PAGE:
I have long lived by a method of fairness I cultivated in my early teens. My method was to acknowledge how I feel, empathise with the opposing beliefs I was confronted with, and try to act in fairness to both points of view. A classic diplomat’s method that so many of you must also abide by on a daily basis. But I actually wonder if this method is too simplistic?
The diplomat’s position is not just cold, it is somewhat unfair to him/herself. It forces him/her to compromise on his/her own values from the very outset, without giving the other party and bystanders an opportunity to participate in generating an overarching insight from the conflict. And insight – well insight is everything right? Isn’t it what we all seek and value?
My very wise sister made me see this. She made me realise that my diplomacy meant I wasn’t allowing myself to feel fully and honestly my initial reactions to anything. And in so doing, I was not allowing myself to really explore why those initial reactions happened and how to deal with them. She also felt it was patronising to think that my fairness was indeed fair at all.
This led me to wonder whether we should stop pointing fingers at media generators (PR folk, the press, politicians, NGOs, IGOs, the lot)? The insight is not in spotting their bias or their self-interested spiel. The insight might be in something in between them. This may seem very intuitive of course. But my point was to examine the intuition here and how diplomats cultivate fairness as a premise, but then transform into something quite unlike it in practice. Academic? Yeah, maybe. But compelling. For me, at least, in my first half life.
So no, I didn’t leave my job out of any disrespect for the role nor the PR industry. I left it because I wanted to explore all those other industries and occupations and activities that also make me tick intellectually/physically/spiritually. I left it to stylobate a little, among other things.
I don’t have the luxury of a lot of time or money, but I do have the luxury to simplify my needs. To own less things, need less tangible stuff until I finally decide how I will earn my living. This is going to be hard, because I’m spoiled by extravagant habits. But I just know that even when it’s hard, it will be interesting. Isn’t that one of the classic definitions of a challenge?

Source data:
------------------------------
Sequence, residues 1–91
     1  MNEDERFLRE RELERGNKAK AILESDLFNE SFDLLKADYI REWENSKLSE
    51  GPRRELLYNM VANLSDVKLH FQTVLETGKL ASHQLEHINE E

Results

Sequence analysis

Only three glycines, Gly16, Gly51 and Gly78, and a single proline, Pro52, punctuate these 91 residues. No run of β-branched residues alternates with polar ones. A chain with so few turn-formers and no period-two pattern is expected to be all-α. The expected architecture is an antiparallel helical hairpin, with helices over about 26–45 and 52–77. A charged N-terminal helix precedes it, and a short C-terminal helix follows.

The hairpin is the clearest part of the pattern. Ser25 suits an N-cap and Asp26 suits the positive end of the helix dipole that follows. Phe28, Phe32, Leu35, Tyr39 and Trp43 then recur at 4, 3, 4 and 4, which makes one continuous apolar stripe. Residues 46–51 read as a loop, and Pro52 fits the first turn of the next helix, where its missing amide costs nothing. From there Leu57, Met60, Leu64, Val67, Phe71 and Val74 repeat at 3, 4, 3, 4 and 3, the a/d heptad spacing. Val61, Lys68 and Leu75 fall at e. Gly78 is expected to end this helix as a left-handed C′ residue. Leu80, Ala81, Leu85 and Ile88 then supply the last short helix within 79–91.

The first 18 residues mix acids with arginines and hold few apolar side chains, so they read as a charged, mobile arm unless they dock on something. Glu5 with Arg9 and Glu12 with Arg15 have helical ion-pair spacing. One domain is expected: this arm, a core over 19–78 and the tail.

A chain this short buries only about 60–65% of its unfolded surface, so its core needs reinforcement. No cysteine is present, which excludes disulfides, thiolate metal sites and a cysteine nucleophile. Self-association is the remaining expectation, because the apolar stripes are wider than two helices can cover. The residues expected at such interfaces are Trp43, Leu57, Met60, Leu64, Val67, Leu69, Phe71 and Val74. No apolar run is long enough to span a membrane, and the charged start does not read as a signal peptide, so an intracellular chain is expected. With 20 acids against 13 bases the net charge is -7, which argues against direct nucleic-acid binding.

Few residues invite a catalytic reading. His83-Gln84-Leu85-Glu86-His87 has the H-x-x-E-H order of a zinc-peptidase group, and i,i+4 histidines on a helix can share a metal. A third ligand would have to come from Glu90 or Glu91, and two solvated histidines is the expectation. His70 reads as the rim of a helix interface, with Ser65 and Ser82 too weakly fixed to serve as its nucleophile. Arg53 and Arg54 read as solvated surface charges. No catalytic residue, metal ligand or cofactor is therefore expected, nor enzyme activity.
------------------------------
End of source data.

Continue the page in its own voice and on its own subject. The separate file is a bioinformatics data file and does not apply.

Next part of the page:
Sometimes taking a step back, putting your heart first, making a bold and risky decision without a grand plan, is just ok. It may not be refreshingly perfect, but your life isn’t a campaign. Sometimes your values, like the good intentions of PR or of Law or the concept of Free Trade, can lead you astray if you practice them mechanically without giving yourself the chance to re-examine your first principles.
And I want to stress this word ‘principle’. I disagree with the popular definition that a principle is a ‘fundamental truth’. In the context of social and scientific theory: a principle is ‘a first assumption’. And if history has taught us anything, it is that first assumptions can sometimes be wrong or, at least, very off. This doesn’t mean we need to practice re-evaluating our principles at every opportunity. To do that would dilute its purpose. But also risk making the activity of feeling out what is Right from Wrong or Good from Bad into a mechanism itself.
No, do it when it’s time, when you reach your half life.
I have openly used the term ‘midlife’ in this post, because this sort of introspection is often described to me as a kind of midlife crisis. I don’t want to muddle through introspection for too long, though, because that feels a little too indulgent. There are so many other things outside myself that are much more interesting to me, let alone to you.
What I will do over the course of the next few posts, however, is share my experiences and the lessons I learn along the way. In the hope that, perhaps, they might be useful to you?
But before I do that, I call for redefining ‘midlife crisis’.
The Human Biological Half Life stinks of HR speak (no offence), so maybe I could offer the “midlife principle”?
And – honouring the initial premise of PR – perhaps we can try to be ok with it as another, dare I say positive, experience?